Ladies' snooker: the new maidens of the green baize

It's big in the Far East, but it still has a long way to go here. Chloe Hamilton went to Sheffield to meet some potting pioneers...

Cue sports like snooker and pool are commonly associated with beer swilling, peanut crunching, pub dwelling men. As Michaela Tabb, who is herself a professional snooker and pool referee, puts it: “It was always the gentlemen who went into the billiard room while the ladies went and drank cups of tea.”

But yesterday marked the very first Ladies Day at the World Snooker Championship in Sheffield’s Crucible, with world-class female players taking to the arena to prove they are just as talented as the men. They even invited me to join in, despite having never played the game before.

Crouching down, chalked cue in hand, heart racing, my eyes fixed on the red ball ahead of me, it was hard not to feel intimidated. Yet much to my relief the ball slips into the pocket, disappearing with a reassuring thunk. Unfortunately, my moment of glory was short lived and I failed to pot anything in the next few shots.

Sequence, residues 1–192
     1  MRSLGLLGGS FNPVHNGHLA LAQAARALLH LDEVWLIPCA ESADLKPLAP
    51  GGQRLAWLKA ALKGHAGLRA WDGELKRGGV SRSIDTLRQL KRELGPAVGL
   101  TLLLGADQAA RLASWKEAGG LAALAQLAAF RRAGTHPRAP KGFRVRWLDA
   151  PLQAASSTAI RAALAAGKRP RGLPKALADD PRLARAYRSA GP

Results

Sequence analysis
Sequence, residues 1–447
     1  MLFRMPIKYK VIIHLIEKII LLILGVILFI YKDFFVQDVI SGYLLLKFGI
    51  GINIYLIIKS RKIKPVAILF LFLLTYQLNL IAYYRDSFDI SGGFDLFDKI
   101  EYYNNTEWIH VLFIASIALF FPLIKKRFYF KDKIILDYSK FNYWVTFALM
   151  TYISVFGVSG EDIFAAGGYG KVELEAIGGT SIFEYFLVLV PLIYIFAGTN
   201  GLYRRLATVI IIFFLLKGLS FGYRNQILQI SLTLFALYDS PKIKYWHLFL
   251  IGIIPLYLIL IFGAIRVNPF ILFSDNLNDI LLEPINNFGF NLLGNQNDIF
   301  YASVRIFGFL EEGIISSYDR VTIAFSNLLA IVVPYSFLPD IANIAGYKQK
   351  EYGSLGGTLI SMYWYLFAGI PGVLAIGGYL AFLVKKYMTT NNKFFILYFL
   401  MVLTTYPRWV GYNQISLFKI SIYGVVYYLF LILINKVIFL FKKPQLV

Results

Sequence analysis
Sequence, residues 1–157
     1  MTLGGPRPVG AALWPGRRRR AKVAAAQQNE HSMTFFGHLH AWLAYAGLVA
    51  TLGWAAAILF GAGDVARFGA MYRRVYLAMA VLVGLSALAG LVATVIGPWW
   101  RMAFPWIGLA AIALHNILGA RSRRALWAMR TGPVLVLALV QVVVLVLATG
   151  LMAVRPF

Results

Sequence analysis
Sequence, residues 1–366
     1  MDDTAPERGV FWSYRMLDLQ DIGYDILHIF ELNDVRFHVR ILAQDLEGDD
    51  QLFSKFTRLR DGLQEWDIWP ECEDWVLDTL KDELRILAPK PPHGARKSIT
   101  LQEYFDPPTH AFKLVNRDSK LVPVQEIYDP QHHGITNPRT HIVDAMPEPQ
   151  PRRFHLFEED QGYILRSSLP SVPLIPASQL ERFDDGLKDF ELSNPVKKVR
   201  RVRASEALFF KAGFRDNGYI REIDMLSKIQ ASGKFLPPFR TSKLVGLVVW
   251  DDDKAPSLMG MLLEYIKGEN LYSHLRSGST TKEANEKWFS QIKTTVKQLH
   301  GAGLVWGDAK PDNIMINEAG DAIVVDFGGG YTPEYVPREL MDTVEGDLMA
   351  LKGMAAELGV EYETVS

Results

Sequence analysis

Deciding to chalk this one up to experience, I retreated to the sidelines and watched while nine-time world champion Reanne Evans, 27, took over, effortlessly potting the coloured balls while the crowd clapped politely.

Reanne was introduced to the sport by her brother. “One day I just picked up his cue. It came naturally to me,” she says. “I play against the men to try to convince women that its alright for them to play this game. And obviously I want to beat them!”

It was at The Crucible that the famous 1985 black-ball final between Steve Davis and Dennis Taylor was played out into the early hours of a Monday morning, watched by a record television audience of 18.5 million. There can be little doubt that the vast majority of those late-night viewers were men – almost since it was invented snooker’s green baize has been a largely male domain.

The sport is popular with women in Thailand and China. But although snooker is long past its mid-Eighties zenith, and female participation is growing, there are still fewer female British players than male. So why are British women not as keen to get involved in this ball game?